If I owned a car (which would require that I drive a car – really another story) I would consider affixing this Felix with his bent, thoughtful walk to the hood. After all, contemplation is good and speed isn’t everything.

 

Saucy Felix

Pam’s Pictorama: This pattern of Felix china has long attracted me and I have very much wanted to own at least a specimen example and now I do. It is Royal Rudolstadt made in 1925, or so it appears from what I read online, although this dish is unmarked. While the Felix-es around the edges look very regular and professional, there’s something sort of wonderfully wonky about the Felix face in the middle. I have always liked the way the figures around the edge look almost as if they would animate if you spin the plate. (They don’t.)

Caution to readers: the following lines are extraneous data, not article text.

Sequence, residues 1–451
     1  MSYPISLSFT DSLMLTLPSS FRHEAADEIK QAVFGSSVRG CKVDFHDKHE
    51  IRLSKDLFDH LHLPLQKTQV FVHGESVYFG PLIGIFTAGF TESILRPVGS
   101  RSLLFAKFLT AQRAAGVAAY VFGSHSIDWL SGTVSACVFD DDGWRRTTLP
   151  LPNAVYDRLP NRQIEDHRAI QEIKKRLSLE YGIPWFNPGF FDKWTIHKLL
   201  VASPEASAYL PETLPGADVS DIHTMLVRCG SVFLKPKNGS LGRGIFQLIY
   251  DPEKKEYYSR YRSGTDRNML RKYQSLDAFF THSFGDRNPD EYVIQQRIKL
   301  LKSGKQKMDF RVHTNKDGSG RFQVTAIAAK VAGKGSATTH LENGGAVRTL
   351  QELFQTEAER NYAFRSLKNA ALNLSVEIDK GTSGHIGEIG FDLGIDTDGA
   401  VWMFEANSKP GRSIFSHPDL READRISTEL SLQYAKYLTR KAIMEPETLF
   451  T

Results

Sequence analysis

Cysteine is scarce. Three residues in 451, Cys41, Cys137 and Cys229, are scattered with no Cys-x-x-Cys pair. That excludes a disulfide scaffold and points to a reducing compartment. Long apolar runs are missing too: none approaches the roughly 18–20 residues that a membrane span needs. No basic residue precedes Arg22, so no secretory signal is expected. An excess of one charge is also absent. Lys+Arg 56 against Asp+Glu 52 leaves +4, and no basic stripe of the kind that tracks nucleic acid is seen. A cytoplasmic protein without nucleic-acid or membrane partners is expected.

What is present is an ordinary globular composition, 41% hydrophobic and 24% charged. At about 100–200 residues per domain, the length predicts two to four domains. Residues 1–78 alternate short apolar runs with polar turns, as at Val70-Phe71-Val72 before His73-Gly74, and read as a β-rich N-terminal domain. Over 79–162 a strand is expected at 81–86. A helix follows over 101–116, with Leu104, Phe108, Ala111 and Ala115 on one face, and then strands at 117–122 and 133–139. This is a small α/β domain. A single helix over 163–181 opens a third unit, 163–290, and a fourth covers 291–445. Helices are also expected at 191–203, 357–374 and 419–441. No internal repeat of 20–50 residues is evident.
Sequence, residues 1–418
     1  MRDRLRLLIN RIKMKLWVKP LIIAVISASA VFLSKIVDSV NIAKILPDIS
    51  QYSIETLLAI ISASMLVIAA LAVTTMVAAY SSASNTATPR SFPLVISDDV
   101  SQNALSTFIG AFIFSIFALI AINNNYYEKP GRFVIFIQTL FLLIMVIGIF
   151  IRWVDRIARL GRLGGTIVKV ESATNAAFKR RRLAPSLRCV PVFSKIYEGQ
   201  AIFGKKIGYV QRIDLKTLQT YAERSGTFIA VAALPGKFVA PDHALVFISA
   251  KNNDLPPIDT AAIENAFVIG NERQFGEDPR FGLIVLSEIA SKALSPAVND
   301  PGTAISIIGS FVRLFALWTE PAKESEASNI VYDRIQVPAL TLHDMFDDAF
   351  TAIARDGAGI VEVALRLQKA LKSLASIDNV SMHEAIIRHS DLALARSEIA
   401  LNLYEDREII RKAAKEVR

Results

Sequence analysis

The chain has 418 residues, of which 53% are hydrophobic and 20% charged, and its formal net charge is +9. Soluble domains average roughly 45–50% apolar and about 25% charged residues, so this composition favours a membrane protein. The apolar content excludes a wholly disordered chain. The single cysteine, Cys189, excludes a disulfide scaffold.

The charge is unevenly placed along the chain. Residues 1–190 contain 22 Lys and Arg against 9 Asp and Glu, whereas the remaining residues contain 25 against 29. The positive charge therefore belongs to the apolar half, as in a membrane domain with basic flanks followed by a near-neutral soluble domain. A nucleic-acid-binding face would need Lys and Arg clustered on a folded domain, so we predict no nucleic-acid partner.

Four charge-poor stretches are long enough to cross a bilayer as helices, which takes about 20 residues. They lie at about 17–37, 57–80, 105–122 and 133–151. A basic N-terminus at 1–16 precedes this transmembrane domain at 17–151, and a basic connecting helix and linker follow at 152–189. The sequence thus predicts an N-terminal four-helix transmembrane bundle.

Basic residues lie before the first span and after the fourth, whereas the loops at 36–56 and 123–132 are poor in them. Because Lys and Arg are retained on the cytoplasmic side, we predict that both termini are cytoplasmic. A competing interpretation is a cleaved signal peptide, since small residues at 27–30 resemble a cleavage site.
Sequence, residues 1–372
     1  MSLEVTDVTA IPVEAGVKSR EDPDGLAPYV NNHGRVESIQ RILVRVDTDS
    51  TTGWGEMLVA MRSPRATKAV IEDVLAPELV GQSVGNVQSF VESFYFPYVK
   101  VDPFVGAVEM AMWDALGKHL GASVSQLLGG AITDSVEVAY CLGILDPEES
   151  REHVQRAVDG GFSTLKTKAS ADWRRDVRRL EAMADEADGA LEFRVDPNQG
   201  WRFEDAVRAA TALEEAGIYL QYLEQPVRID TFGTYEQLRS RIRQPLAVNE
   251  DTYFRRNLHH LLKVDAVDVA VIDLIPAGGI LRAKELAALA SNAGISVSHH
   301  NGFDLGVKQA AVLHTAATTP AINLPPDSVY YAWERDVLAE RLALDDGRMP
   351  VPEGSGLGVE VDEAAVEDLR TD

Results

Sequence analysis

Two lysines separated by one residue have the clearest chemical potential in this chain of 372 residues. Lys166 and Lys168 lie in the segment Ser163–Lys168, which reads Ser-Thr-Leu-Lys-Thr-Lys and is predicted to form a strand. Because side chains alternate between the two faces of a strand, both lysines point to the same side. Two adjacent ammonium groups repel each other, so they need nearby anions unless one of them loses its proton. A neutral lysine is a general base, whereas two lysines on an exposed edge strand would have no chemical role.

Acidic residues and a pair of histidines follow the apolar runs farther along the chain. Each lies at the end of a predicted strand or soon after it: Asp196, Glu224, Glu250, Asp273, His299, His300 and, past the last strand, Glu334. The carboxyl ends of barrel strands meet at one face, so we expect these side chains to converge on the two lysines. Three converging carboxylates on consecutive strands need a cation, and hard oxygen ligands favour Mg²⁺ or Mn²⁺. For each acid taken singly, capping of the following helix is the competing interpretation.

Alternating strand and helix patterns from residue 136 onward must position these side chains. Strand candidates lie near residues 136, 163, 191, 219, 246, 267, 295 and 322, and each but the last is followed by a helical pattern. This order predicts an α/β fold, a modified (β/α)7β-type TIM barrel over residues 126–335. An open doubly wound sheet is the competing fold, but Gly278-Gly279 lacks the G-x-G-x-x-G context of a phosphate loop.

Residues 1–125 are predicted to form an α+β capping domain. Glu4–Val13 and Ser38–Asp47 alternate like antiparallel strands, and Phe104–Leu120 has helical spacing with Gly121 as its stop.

This set of dishes brings the tally of Felix china that I am aware of to three different designs. The others range broadly, from the one I wrote about in Living the Felix Life which is very professional looking and Felix is exactly the same on each to the one in the post here, Dishing Felix, which looks very much like it was copied freehand.

Today’s dish falls soundly between the others aesthetically and I assume it is a tea cup saucer. What a racy tea set this must have been! I have seen cups and creamers from it, but oddly never a tea or coffee pot. I believe pieces are also trimmed in yellow, green and blue and in fact this may be the first pink one I have seen. None of these dishes impresses me as having been made for children. I do believe I would be more inclined to have tea parties if I owned this full set!